Complete plasminogen activator inhibitor 1 deficiency (complete PAI-1 deficiency) is a disorder that causes abnormal bleeding. In people with this disorder, bleeding associated with injury can be excessive and last longer than usual.
Individuals with complete PAI-1 deficiency may experience prolonged nosebleeds, excessive bleeding after medical or dental procedures, easy bruising, and significant bleeding into the joints or soft tissues after even a minor injury. Internal bleeding after an injury, especially bleeding around the brain (intracranial hemorrhage), can be life-threatening. Affected females may have excessive bleeding associated with menstruation (menorrhagia) and abnormal bleeding in pregnancy and childbirth.
In addition to bleeding problems, some people with complete PAI-1 deficiency develop scar tissue in the heart (cardiac fibrosis), which can lead to heart failure.
Complete PAI-1 deficiency is a rare disorder; its prevalence is unknown. It has been well studied in a large family belonging to the Old Order Amish population of eastern and southern Indiana. Additional cases in North America, Europe, and Asia have been described in the medical literature.
Complete PAI-1 deficiency is inherited equally by both sexes, but tends to be diagnosed earlier and more frequently in females because of its effects on menstruation, pregnancy, and childbirth.
Complete PAI-1 deficiency is caused by mutations in the SERPINE1 gene. This gene provides instructions for making a protein called plasminogen activator inhibitor 1 (PAI-1). PAI-1 is involved in normal blood clotting (hemostasis). After an injury, clots protect the body by sealing off damaged blood vessels and preventing further blood loss.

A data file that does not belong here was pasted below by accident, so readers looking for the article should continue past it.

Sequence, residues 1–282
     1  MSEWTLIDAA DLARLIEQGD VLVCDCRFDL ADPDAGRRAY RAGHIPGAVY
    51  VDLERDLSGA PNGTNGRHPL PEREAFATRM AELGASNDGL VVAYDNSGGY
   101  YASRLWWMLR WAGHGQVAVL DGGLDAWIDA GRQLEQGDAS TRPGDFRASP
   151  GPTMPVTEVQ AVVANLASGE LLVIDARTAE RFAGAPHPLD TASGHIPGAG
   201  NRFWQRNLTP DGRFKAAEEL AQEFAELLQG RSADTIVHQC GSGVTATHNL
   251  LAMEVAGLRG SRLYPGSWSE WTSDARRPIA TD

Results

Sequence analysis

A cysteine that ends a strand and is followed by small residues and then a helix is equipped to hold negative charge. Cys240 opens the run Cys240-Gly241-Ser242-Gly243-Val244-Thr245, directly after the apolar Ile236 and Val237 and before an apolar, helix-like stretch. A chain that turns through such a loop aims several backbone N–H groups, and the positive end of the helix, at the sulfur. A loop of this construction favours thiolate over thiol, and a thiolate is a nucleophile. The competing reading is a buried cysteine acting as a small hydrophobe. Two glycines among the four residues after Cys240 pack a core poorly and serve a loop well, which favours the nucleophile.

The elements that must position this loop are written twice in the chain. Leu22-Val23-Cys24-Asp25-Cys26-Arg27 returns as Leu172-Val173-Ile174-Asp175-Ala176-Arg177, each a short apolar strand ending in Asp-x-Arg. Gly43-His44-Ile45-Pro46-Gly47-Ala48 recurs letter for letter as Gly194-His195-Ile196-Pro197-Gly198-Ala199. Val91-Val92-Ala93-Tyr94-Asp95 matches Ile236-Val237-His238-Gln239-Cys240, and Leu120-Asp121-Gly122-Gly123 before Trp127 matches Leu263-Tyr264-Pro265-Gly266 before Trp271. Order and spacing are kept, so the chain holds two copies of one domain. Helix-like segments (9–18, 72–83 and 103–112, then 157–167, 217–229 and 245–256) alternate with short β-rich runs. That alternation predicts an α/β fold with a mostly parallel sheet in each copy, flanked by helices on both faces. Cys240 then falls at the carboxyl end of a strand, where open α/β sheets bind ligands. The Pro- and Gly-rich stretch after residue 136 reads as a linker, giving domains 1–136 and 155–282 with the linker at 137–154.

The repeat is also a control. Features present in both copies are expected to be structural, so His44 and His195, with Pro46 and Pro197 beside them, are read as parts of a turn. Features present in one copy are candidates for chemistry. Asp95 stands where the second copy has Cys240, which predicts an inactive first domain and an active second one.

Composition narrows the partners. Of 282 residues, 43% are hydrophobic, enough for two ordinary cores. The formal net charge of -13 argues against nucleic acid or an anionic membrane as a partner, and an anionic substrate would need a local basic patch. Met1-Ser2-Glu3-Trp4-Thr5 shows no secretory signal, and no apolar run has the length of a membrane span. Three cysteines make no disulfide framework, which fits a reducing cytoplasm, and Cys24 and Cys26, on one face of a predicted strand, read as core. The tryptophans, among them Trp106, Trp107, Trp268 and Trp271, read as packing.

The PAI-1 protein blocks (inhibits) the action of other proteins called plasminogen activators. These proteins promote the dissolution of clots (fibrinolysis). By inhibiting plasminogen activators, the PAI-1 protein helps ensure that clots remain intact until they are no longer needed to stop bleeding.
The SERPINE1 gene mutations that cause complete PAI-1 deficiency result in the production of a PAI-1 protein that is nonfunctional or that is unstable and quickly broken down. Absence of functional PAI-1 protein allows plasminogen activators to dissolve blood clots prematurely, resulting in the abnormal bleeding associated with this disorder.
This condition is inherited in an autosomal recessive pattern, which means both copies of the gene in each cell have mutations. The parents of an individual with an autosomal recessive condition each carry one copy of the mutated gene, but they typically do not show signs and symptoms of the condition.